The method I posted in post #11 could work, depending upon the signal parameters.
E
Actually your markups are almost correct. except that there is no negative part. as you see if I set the gain to 2000, with the supply of 12V, any amplitude above 6mV will be clipped to the rail (in case of a rail to rail opamp)
 

Thread Starter

SAM-Mo

Joined Jan 19, 2019
38
The oscilloscope can not save an image with knobs activated.

I tell you. The orange level you pointed as 0V is -700mV.

the 1.5V in your markup is 800mV.

The middle line is 0V.

The signal has some DC offset but I pass it through a capacitor and read its AC value. naturally, it does not have a negative part because there is no negative supply.
 

ericgibbs

Joined Jan 29, 2010
10,201
I tell you. The orange level you pointed as 0V is -700mV.
the 1.5V in your markup is 800mV.
The middle line is 0V.
hi,
You said in post #12 there is no negative part.???
So my original marked up image is close enough as a test signal.?
If yes, the circuit in post #9 is one option.
E
 

Thread Starter

SAM-Mo

Joined Jan 19, 2019
38
Hi,

Your circuit at the first stage is a buffer and the second has a gain of 10, how could it amplify the microvolt variations?
We discussed that we can use a low gain to avoid the saturation, but it is not enough to make the very small changes more strong.
 

ericgibbs

Joined Jan 29, 2010
10,201
hi,
The area of the decay curve you boxed in the image is approx 750mV, so I limited the gain to 10.
The gain could be increased to the level that the output limits to maximum swing of the OPA, say using a 12V supply.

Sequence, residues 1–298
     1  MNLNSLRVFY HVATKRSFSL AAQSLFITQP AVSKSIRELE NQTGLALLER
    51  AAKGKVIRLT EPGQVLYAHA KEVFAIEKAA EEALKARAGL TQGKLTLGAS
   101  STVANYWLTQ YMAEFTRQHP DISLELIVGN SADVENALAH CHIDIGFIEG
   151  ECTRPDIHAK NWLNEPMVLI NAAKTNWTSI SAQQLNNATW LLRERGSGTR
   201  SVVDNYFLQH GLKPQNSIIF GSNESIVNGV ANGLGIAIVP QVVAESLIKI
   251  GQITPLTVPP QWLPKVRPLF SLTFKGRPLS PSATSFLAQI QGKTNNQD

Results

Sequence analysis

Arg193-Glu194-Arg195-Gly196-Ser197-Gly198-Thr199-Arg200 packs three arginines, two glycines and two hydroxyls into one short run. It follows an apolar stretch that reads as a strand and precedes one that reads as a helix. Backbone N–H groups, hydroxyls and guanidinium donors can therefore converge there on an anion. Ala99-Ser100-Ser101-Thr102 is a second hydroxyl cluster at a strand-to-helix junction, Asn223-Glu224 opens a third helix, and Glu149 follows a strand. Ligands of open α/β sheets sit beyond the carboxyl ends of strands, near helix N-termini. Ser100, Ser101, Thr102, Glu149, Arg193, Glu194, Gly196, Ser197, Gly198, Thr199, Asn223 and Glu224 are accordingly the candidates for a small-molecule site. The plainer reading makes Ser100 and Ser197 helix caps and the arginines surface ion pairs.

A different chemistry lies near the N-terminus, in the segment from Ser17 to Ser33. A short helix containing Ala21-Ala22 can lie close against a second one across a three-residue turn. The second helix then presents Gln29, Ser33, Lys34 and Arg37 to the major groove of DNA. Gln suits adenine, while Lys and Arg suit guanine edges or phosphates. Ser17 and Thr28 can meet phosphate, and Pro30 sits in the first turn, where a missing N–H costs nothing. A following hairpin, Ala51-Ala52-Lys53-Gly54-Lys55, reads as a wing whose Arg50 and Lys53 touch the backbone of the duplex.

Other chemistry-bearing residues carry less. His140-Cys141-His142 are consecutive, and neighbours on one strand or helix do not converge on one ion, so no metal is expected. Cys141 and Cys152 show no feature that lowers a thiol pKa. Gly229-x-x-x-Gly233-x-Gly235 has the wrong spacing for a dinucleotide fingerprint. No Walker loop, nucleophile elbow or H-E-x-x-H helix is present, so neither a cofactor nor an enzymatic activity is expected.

E
 

Thread Starter

SAM-Mo

Joined Jan 19, 2019
38
hi,
The area of the decay curve you boxed in the image is approx 750mV, so I limited the gain to 10.
The gain could be increased to the level that the output limits to maximum swing of the OPA, say using a 12V supply.
E
So I mentioned from the begining that the tricky part of this problem is what you said now. Low gain is not useful and high gain sticks to the rails, therefore these methods can not be applied.
 

bogosort

Joined Sep 24, 2011
465
Sure

The maximum frequency is 1KHz. I think a picture helps more

The yellow rectangle is the tail which might show some very small decay change, but if I amplify that p[art or the whole signal, it will stick to the rail or if I amplify with the low gain, then the variation would not be sensible.
This sounds like an application for what the audio world calls a compressor: https://en.wikipedia.org/wiki/Dynamic_range_compression

In short, a compressor reduces the dynamic range of a signal by amplifying the signal only when the signal's amplitude falls below some threshold value. In other words, it does nothing to the loud parts, but the quiet parts get amplified. As your signal is in the kHz range and well-within standard audio voltages, an audio compressor would work well. There are tons of analog units to choose from, though they tend to be pricey. If you can digitize the signal, many free audio editing apps come with a compressor effect.
 
Top